| Demetrius DuBose|
| Seattle (WA) O'Dea|
American football player
| (1971-03-23)March 23, 1971|
July 24, 1999(1999-07-24) (aged 28)
July 24, 1999, San Diego, California, United States
University of Notre Dame
San Diego, California
Demetrius DuBose Wikipedia
Adolphus Demetrius DuBose (March 23, 1971 – July 24, 1999) was an American football linebacker in the NFL.
DuBose attended the University of Notre Dame, where he was a starting linebacker for the Fighting Irish.
Dubose was selected by the Tampa Bay Buccaneers in the second round (34th pick overall) of the 1993 NFL Draft. He was allowed to leave as a free agent and signed with the New York Jets in 1997. He was waived by the Jets only four months later.
During the off-season, he visited places such as Australia, New Zealand, and various countries in Europe. He also spent time in Vail, Colorado tuning in his snowboarding skills. He worked for one winter for the Mammoth Mountain Ski Patrol. After football, he invested much of his football earnings in business ventures that were not very successful, including a line of sports clothing and a beach volleyball league. Dubose had aspirations of becoming a successful pro beach volleyball player and was on his way to achieving his goal.
DuBose was shot (12 times) to death by two police officers, Timothy Keating and Robert Wills, in San Diego during a confrontation on July 24, 1999 after he illegally entered another person's house. He was said to be in the process of an alleged burglary. He then resisted arrest and started to attack the police officers, including trying to steal their weapons. Allegations also persist he tried to flee the scene. Police contended they had no choice but to protect themselves and others when the fatal shots were fired. DuBose was shot twelve times by the two officers with their 9mm handguns. The toxicology reports showed that he had alcohol, cocaine and ecstasy in his system. He was 28.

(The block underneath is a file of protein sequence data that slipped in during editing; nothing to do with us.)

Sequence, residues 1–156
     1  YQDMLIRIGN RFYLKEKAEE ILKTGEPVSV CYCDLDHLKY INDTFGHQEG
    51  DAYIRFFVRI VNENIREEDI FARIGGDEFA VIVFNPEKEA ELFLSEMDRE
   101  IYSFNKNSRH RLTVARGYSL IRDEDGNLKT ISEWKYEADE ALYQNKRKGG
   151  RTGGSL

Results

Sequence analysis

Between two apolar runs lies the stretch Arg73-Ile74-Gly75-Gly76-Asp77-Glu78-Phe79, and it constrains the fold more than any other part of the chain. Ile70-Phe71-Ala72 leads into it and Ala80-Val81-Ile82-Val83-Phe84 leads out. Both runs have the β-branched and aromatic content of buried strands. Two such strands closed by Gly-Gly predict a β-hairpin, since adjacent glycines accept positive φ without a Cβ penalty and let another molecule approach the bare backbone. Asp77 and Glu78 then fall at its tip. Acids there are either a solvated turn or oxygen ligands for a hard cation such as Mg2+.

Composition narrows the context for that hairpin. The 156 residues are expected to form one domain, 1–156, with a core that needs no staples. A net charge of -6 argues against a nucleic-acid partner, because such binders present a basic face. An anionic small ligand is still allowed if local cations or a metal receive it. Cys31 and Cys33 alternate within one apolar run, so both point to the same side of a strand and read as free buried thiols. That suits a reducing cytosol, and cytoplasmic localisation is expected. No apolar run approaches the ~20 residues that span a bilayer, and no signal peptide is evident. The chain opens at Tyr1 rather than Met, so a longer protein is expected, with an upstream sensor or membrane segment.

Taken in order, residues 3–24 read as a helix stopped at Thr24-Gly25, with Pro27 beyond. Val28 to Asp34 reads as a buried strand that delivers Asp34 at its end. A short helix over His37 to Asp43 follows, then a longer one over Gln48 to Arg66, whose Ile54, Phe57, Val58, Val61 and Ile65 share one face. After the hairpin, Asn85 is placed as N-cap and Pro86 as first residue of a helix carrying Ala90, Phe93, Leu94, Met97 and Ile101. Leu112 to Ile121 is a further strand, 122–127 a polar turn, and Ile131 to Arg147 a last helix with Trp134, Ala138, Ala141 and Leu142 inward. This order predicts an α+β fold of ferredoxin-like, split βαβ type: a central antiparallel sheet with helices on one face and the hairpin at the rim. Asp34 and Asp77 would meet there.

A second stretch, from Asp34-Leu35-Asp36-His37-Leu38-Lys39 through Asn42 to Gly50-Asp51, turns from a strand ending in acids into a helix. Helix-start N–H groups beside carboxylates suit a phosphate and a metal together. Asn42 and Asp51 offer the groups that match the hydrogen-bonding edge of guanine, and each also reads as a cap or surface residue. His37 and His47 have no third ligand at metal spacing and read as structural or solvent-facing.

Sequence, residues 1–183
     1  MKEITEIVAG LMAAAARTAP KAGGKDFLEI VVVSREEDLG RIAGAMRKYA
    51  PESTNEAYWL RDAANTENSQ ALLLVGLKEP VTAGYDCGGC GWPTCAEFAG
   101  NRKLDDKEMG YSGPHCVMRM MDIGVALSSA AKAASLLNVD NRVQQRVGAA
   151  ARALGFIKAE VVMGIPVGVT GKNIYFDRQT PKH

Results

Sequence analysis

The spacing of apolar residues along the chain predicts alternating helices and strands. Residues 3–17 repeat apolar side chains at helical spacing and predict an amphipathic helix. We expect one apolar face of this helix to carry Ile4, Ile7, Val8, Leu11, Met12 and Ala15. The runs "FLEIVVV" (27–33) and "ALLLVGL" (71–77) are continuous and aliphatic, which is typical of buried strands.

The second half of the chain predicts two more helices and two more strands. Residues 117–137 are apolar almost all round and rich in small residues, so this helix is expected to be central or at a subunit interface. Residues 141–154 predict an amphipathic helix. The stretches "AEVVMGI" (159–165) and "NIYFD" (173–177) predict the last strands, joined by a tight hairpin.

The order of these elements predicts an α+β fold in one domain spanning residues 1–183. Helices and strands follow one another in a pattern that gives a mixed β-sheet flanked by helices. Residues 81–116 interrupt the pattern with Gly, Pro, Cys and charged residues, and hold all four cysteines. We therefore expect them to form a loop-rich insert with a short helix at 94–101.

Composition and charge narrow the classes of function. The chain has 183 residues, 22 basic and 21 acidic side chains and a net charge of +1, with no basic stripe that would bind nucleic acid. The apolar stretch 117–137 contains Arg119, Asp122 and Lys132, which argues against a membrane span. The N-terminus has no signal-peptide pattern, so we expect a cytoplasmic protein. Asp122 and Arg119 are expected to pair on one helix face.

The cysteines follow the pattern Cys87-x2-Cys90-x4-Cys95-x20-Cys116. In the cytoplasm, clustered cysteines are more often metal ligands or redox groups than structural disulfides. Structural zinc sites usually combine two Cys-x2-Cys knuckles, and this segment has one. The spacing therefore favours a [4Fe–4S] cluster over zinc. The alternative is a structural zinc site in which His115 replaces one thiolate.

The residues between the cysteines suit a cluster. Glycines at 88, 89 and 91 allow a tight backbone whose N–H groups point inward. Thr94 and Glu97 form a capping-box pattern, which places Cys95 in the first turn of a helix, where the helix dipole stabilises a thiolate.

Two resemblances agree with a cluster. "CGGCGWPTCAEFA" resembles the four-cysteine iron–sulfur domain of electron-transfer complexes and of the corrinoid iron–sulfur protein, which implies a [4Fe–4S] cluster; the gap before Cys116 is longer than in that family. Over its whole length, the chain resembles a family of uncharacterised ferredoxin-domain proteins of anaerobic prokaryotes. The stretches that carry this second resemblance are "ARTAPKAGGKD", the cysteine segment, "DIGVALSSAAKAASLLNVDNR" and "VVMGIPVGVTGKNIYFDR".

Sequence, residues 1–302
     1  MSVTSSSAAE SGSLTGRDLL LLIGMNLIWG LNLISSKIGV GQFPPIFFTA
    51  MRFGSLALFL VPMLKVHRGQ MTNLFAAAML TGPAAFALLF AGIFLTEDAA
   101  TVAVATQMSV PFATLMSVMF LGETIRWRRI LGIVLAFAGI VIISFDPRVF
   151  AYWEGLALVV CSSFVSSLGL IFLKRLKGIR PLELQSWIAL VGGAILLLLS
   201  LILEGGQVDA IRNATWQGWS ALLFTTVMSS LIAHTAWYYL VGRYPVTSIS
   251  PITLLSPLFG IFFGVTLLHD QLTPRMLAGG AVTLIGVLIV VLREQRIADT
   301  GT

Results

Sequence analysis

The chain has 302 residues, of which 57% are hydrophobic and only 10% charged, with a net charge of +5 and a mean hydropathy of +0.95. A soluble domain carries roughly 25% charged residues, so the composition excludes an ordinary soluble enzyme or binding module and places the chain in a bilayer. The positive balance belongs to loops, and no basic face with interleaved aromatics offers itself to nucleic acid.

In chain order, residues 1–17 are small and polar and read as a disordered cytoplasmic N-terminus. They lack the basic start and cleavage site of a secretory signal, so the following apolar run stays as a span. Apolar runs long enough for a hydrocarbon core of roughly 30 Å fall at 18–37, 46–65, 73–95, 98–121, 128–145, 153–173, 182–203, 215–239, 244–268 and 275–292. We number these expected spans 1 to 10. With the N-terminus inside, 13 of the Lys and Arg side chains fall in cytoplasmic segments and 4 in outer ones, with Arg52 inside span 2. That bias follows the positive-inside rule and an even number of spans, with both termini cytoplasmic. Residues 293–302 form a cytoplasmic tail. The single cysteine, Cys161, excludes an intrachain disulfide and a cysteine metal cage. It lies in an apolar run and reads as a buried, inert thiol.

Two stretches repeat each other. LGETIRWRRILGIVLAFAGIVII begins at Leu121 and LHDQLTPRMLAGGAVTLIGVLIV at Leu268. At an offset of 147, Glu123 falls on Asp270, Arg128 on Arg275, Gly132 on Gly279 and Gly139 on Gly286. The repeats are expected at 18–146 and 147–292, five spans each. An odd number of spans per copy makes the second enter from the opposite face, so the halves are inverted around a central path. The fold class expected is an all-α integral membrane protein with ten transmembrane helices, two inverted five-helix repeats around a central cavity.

The FBI and U.S. Attorney for the Southern District of California investigated the shooting and found that it was justified. The entire report has been posted on the web. In May 2000, "[t]he Citizens Review Board on Police Practices concluded that while the shooting was a justified use of deadly force under the department's guidelines, the two officers 'did not exercise sufficient discretion.'" In February 2003, a ten-person federal jury in a wrongful death suit found the officers to be not liable. His grave is located at Evergreen-Washelli Memorial Park in Seattle, WA.